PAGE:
Welcome to Significant Digits, a daily digest of the telling numbers tucked inside the news.
Bernie Sanders, who trails Hillary Clinton in pledged delegates and superdelegates, is trying to woo Clinton’s superdelegates to switch sides. He faced a setback, though, when one of his superdelegates — Emmett Hansen II of the U.S. Virgin Islands — announced that he will now back Clinton. [Bloomberg]
3 pounds of cheese
There’s a surplus of cheese in the United States. High prices and a hot export market sent production soaring, but then a strengthening dollar put off foreign buyers and prices sank. At current cheese levels, Americans would need to increase their consumption this year by 3 pounds each to eat the surplus away. This is the best news I have ever heard in my entire life, and I plan to do my part. [The Wall Street Journal]
More than 8 metric tons of cocaine
That’s the amount of cocaine seized by Colombian authorities last weekend at a banana farm. That’s more than 17,500 pounds, or roughly the weight of … you know what, I’m not going to even compare it to some really heavy thing; all you have to know is that it is a crapload of cocaine. [CNN]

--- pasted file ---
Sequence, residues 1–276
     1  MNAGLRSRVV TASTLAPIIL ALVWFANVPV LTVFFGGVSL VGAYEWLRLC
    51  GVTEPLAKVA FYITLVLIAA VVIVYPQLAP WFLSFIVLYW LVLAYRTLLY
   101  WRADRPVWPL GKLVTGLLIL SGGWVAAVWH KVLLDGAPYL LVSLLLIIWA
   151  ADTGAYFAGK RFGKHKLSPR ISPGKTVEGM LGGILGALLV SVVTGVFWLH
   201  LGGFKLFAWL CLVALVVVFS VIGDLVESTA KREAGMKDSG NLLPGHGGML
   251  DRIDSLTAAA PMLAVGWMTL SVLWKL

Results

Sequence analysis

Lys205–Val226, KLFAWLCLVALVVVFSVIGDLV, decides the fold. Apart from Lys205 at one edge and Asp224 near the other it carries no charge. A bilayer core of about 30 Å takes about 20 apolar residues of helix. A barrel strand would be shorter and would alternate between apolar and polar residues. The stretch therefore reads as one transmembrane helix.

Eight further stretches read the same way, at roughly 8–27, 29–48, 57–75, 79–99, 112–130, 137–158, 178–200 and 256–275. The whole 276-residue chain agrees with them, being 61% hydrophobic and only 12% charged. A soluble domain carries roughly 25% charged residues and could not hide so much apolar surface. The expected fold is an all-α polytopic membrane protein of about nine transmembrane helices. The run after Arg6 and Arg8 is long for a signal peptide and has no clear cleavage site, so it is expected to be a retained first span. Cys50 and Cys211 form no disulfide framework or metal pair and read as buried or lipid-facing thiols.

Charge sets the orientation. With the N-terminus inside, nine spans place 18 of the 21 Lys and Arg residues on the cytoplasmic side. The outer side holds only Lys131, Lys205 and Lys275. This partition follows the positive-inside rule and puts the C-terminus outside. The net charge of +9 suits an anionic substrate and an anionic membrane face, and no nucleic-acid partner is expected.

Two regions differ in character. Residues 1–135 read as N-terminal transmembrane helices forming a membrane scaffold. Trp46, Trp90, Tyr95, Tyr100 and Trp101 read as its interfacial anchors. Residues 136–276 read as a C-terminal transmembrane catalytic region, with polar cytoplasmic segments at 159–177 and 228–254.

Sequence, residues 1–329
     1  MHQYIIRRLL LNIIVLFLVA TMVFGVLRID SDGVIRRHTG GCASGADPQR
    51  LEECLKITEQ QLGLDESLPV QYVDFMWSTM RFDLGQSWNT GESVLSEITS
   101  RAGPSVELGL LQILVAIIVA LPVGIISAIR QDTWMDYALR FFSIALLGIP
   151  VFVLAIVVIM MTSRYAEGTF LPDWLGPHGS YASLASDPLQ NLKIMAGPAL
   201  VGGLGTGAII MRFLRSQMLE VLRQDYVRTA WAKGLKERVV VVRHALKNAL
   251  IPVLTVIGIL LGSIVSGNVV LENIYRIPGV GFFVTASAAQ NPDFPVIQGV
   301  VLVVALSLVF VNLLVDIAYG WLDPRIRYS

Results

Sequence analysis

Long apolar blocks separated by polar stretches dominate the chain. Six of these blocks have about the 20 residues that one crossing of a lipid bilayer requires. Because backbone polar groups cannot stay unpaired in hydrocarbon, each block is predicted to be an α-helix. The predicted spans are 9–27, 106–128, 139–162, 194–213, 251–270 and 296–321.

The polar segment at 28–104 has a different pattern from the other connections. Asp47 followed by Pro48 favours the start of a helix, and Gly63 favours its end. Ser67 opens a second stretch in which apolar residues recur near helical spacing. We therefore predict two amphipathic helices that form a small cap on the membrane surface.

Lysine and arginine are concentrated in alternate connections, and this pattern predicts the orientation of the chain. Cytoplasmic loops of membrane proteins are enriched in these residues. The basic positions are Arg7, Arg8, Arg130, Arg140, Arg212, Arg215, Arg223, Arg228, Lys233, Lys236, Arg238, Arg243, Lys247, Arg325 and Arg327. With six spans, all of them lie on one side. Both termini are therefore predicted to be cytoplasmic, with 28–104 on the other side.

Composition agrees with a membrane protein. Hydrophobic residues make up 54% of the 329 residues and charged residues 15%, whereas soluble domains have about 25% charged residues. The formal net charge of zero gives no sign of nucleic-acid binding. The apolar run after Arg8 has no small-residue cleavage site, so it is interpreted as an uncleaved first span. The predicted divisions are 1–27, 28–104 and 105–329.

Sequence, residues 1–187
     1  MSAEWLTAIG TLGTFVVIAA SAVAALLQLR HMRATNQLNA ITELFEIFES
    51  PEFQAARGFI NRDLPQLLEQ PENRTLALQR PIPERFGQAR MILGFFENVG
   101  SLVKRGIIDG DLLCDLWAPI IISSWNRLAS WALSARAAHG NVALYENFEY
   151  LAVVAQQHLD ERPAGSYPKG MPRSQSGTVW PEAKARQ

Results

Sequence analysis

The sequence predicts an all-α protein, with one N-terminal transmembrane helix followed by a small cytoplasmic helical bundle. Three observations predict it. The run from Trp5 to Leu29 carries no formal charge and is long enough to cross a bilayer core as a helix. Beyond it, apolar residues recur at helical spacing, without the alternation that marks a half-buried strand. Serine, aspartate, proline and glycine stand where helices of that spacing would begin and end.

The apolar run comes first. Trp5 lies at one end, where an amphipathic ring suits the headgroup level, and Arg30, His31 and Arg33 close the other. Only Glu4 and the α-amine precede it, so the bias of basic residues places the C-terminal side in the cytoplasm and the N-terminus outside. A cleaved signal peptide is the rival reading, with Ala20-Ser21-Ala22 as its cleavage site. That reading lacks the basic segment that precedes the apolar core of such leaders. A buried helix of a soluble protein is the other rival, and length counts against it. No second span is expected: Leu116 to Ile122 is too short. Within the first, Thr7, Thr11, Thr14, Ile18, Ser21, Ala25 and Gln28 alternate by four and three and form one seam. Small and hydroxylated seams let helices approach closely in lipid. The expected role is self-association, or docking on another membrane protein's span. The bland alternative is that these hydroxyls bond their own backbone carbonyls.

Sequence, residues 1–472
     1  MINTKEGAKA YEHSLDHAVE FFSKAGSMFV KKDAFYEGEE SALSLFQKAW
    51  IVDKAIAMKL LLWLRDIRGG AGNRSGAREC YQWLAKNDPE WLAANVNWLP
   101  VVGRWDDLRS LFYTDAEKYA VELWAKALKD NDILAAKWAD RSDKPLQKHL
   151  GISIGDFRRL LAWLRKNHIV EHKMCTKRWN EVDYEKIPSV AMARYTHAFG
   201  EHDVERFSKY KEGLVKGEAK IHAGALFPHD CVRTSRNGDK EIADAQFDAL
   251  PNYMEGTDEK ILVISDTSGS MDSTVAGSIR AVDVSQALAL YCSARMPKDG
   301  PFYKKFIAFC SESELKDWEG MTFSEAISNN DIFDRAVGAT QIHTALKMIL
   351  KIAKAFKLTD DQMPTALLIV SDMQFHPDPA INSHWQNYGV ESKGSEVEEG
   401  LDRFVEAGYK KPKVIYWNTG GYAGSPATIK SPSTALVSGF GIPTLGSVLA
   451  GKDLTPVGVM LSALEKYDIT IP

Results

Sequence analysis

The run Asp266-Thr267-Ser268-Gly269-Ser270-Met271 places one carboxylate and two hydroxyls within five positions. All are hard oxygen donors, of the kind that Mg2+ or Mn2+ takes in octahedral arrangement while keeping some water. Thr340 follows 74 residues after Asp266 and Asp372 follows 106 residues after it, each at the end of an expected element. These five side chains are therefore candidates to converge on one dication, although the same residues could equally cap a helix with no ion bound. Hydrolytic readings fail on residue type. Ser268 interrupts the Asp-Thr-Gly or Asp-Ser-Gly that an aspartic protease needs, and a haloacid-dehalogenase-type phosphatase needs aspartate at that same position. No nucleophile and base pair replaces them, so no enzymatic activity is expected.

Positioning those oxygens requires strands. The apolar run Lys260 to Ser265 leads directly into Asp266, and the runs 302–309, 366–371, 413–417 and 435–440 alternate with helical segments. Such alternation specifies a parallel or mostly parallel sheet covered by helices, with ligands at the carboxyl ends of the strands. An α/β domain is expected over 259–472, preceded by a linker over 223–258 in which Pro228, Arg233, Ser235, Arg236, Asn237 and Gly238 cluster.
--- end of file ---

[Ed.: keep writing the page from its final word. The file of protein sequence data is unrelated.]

According to a University of Michigan Medical School survey of high-achieving doctors, that’s the percentage of women who said they have been sexually harassed during their careers. [Newsweek]
That’s how long it’s been since the Supreme Court, in Brown v. Board of Education, declared segregated schools unconstitutional. But just this week, a judge ordered the Cleveland school district in Mississippi to desegregate. A plaintiff in the case — now 57 years old — was in fourth grade when the case was brought in 1965. [NPR]
Based on a new report from the AFL-CIO federation of unions, the average CEO of a company on the S&P 500 made 335 times as much money as the average production and non-supervisory worker in 2015. That’s down from 373 times as much money as 2014. Hooray? [Reuters]
If you haven’t already, you really need to sign up for the Significant Digits newsletter — you can be the first to learn about the numbers behind the news! How great does that sound? You should totally do it.
And if you see a significant digit in the wild, send it to @WaltHickey.